Premiumisation is answering the call from consumers demanding more from their beverages, with tequila rising to the challenge.
Craftsmanship, authenticity and uniqueness: as an increasing number of us seek elevated drinking experiences, these attributes are becoming progressively more significant when choosing what to imbibe.
‘Quality, not quantity’ is where we’re at regarding spirit choices. Gone are the days of spirits being seen merely as alcohol – in today’s world, they can be symbols of celebration, refinement, and personal expression.
The Amount of Agave
Tequila’s candidacy in the premium category seems inevitable. Cheap mixed tequilas have been relegated to memory – and the world seems to have caught up with the fact that premium and ultra-premium tequilas, quite naturally, tick all the artisanal boxes.
The hallmark of a premium tequila is that it is made from 100% blue agave (as opposed to mixto tequilas, which contain 51% agave and other sugars), resulting in a purer, more authentic flavour profile.
Terroir, too, plays a part. We’ve heard this term with wine, but the same concept can be applied to tequila, with agave from different parts of Mexico displaying distinctive characteristics.
Maturation & Complexity
Ageing also plays a vital role in a tequila’s quality – the maturation of tequila in barrels is responsible for its flavour, complexity and smoothness.
Blanco or silver tequila is the youngest and purest form, typically aged for no longer than two months, resulting in a more robust agave taste. Reposado is aged for at least two months and up to a year in wooden barrels – mostly oak – which mellows out the flavours and imparts additional characteristics from the wood.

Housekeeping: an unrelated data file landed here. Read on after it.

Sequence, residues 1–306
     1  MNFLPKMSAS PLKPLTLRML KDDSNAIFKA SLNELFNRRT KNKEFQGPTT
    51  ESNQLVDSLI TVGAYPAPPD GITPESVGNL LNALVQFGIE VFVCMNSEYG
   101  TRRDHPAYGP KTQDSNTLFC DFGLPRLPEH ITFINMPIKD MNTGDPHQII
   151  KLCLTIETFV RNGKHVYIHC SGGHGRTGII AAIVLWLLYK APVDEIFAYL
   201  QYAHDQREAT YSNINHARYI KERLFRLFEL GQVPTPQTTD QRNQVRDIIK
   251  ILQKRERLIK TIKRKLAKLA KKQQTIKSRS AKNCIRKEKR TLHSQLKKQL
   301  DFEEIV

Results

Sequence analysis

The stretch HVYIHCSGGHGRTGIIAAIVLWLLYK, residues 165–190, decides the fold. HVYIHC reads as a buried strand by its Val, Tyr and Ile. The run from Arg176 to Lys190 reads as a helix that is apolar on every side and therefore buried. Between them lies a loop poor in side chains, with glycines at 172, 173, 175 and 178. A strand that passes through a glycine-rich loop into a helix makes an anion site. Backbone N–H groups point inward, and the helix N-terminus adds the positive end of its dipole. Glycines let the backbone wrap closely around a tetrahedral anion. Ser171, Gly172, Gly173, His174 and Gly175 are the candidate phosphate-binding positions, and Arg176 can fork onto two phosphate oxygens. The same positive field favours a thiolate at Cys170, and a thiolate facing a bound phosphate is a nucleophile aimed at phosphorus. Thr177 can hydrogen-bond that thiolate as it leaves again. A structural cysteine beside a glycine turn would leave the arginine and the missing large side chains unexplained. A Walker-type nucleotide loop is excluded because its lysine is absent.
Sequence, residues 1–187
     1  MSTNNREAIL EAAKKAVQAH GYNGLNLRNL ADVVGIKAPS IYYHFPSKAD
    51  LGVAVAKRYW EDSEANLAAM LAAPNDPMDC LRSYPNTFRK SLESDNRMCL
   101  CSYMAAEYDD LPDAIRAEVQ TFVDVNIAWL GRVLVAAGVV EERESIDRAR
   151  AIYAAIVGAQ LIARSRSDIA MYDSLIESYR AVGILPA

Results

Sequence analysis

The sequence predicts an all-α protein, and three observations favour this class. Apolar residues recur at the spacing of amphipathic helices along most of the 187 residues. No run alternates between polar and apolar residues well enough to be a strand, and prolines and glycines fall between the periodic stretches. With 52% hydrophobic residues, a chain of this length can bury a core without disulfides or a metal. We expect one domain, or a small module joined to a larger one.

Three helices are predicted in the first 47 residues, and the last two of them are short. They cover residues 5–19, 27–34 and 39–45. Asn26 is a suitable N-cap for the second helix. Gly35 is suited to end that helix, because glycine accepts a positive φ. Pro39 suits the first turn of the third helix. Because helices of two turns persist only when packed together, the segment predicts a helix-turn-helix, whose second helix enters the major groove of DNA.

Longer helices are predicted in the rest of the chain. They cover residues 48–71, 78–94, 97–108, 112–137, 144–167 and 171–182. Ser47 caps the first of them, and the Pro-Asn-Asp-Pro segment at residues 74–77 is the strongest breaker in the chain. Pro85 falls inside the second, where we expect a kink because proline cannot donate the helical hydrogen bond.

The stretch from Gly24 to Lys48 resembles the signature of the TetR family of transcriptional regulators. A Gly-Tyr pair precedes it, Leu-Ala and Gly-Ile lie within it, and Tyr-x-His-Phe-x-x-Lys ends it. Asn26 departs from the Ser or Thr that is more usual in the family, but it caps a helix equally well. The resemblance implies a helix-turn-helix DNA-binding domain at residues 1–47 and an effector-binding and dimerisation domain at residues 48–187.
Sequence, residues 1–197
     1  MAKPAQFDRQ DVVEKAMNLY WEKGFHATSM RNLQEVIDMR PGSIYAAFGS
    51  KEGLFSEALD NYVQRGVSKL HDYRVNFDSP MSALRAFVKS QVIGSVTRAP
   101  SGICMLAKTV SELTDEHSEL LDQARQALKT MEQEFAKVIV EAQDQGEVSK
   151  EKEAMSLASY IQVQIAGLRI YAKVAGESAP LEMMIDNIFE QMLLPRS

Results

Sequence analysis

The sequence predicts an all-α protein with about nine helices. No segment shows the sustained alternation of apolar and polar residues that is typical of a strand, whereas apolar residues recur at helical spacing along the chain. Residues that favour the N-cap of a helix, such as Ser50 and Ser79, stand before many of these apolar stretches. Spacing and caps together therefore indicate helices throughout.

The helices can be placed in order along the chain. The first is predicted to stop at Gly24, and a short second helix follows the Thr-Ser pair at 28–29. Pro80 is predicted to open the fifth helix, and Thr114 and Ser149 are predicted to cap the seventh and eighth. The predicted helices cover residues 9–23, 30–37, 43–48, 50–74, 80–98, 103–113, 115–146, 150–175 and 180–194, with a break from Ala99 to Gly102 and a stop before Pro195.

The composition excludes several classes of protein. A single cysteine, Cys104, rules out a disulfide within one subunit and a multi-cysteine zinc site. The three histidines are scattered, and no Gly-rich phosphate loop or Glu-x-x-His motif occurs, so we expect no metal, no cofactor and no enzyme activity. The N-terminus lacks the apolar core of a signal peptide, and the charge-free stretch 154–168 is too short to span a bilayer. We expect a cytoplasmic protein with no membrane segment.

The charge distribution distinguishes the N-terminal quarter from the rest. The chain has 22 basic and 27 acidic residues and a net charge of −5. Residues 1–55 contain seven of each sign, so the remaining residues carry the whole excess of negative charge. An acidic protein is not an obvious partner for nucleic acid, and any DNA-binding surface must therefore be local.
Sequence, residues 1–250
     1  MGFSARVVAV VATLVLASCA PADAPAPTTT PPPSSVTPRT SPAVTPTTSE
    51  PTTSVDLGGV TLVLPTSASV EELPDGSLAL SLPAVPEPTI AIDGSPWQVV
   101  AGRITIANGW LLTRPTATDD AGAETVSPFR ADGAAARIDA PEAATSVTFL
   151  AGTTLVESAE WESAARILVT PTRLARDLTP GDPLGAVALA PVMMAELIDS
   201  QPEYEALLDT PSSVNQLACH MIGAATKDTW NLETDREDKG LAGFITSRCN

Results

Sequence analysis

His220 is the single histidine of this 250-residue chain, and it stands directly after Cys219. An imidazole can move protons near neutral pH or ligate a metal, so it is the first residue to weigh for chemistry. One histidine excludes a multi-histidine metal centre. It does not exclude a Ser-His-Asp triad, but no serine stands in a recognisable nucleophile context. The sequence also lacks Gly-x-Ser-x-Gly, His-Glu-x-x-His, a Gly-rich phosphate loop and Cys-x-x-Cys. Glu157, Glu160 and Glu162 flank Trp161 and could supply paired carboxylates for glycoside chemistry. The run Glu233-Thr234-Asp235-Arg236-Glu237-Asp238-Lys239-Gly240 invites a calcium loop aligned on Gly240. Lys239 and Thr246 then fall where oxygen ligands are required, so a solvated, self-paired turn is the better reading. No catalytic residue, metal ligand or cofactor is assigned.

Anejo tequila is aged up to three years, producing a darker tequila with a richer, smoother, complex flavour. Extra Anejo is rarer, requiring a minimum of three years of ageing, with comparisons made with whisky or brandy in both colour and flavour profile. Increased knowledge and awareness of the romantic mystique surrounding tequila has undoubtedly added to its appeal.
The skills of a jimador (agave farmer) are often handed down through generations; the skill in identifying and harvesting ripe agave plants requiring a deep connection to the land.
And traditional, time-honoured production techniques such as tahona, a process in which a large stone wheel crushes the agave, purported to add another dimensional layer, typify the spirit’s artisanal appeal. Such methods and skill produce subtle, complex and dynamic tequilas, making them infinitely sippable on their own – moving the spirit away from a party-drink image and into the high-quality speciality-drink category.
THIRSTY FOR MORE TEQUILA ARTICLES?